My 9 year old son pipes up and says “Man, he sure did waste his money buying a lot of junk. I’m sure it won’t be long before he’s back in debt (pronounced with the b deBt)”

    This show really annoyed me.

  18. I think most Americans don’t think they are rich and therein lies the problem. If people realized how they stood in relation to the rest of the world, I think it would make a big difference.

    So broader horizons would help with the Keeping up the the Joneses bit.

    On the other side, Americans STILL are the most generous people in the world, however, we obviously could be doing a lot more if we lived a bit more frugally.

  19. You asked…here I go….

    It all started when we FIRST starting coming over here. People came to America because they were being held back in England, either religiously or whatever…America became the land of opportunity. The most basic idea (now anyway) of this can be seen in every American’s yard…Grass. In England truly only the wealthy had grass yards to play or leisure in. Or farmers, but I digress. So these people move to America and they want GRASS!! Now, if you want to buy a house what do you look at, how much property you get…what size the yard is…is it fenced in?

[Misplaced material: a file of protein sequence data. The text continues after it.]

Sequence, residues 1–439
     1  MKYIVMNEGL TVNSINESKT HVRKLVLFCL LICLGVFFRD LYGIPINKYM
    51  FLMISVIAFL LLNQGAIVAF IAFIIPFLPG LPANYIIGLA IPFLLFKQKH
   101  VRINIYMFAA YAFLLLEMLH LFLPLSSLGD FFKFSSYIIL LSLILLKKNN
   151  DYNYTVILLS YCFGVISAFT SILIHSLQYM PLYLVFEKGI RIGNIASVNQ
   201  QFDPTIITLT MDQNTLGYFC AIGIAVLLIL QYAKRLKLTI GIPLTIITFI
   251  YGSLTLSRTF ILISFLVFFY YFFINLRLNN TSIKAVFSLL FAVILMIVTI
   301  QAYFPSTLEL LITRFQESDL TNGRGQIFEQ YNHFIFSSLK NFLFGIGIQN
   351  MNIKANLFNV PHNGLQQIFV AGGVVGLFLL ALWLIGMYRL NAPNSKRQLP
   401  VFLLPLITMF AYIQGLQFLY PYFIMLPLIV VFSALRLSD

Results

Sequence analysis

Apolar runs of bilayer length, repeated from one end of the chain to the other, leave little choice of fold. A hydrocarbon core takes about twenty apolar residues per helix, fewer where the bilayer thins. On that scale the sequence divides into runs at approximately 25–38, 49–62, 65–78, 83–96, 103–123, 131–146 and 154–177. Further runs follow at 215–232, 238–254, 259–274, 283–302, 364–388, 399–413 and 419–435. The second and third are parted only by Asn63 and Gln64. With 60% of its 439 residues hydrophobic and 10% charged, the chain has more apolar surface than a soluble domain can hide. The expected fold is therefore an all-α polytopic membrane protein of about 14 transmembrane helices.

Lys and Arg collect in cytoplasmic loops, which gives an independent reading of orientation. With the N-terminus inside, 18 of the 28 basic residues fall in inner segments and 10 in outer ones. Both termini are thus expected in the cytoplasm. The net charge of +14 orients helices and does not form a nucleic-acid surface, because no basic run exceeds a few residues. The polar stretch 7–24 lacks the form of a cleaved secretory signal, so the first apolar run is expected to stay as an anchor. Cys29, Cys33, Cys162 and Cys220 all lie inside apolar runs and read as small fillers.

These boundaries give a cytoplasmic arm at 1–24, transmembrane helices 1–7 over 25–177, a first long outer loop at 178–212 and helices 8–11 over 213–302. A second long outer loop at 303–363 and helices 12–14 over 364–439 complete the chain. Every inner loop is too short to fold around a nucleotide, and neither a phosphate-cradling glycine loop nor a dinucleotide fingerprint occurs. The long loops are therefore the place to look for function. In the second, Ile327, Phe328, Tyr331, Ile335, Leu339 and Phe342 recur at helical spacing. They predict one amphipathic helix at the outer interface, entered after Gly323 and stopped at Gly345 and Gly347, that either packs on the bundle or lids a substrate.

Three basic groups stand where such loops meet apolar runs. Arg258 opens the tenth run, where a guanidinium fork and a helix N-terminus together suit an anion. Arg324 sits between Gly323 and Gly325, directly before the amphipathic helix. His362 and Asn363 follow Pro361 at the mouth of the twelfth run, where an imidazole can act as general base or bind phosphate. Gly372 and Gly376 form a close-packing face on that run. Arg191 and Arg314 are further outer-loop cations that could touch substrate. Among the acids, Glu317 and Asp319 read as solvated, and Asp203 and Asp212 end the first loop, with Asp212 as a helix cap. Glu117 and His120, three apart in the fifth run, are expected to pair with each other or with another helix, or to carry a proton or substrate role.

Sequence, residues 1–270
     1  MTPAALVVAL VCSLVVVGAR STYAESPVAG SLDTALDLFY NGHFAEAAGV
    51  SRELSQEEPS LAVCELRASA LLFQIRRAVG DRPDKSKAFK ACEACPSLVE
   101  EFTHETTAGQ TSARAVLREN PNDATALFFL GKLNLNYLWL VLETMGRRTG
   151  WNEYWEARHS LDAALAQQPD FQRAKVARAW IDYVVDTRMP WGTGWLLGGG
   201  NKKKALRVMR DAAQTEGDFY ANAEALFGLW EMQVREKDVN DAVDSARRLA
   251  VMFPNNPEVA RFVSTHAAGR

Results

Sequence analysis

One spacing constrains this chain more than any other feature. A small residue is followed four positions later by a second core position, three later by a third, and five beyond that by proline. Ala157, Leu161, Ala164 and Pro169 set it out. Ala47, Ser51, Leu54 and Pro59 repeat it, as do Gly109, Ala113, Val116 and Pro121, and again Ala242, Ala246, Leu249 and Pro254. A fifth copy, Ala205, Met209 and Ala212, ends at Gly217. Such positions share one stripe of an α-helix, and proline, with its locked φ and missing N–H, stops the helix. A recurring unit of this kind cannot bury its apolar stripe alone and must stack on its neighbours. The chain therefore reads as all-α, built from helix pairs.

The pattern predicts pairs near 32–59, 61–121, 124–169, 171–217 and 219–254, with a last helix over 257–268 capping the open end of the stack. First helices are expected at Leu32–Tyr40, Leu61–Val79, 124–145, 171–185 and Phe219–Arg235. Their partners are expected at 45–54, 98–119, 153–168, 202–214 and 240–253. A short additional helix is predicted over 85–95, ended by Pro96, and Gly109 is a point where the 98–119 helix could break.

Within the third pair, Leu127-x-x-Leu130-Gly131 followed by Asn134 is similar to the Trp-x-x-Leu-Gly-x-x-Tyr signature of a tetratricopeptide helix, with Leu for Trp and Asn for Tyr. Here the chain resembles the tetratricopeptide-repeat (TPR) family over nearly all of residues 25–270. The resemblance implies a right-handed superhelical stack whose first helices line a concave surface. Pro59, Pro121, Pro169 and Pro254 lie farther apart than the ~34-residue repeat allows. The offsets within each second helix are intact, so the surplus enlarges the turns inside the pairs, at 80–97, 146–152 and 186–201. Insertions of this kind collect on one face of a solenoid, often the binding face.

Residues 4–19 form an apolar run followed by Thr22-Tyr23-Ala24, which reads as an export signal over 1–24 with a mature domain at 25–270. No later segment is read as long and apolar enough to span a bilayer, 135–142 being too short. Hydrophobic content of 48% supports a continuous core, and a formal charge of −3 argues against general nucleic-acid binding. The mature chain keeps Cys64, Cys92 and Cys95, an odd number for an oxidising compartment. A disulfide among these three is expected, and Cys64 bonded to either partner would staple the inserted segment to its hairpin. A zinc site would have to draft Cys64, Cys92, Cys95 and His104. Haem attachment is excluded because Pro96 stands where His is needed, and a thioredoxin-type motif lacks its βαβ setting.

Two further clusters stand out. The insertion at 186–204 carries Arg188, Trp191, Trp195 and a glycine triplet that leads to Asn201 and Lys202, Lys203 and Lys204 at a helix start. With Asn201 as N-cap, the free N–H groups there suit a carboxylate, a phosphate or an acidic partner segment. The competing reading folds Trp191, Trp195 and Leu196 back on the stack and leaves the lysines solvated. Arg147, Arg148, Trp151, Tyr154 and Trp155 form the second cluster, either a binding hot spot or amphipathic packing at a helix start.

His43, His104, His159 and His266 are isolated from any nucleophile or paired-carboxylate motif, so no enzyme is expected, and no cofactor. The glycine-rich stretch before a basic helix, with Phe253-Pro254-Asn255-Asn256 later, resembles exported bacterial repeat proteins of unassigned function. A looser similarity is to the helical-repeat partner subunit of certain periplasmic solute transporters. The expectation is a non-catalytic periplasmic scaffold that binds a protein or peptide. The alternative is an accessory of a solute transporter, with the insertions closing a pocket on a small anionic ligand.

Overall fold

People came to America where there was no set of rules and regulations already in place for who was nobility and who was trash. So people who had a middle class income in England could come over and be RICH in America. They got what they wanted and they were the envy of everyone. The land was so plentiful that they could build bigger houses for their large families…obviously NOT to today’s standards but bigger than they were in England…You see where I’m going with this.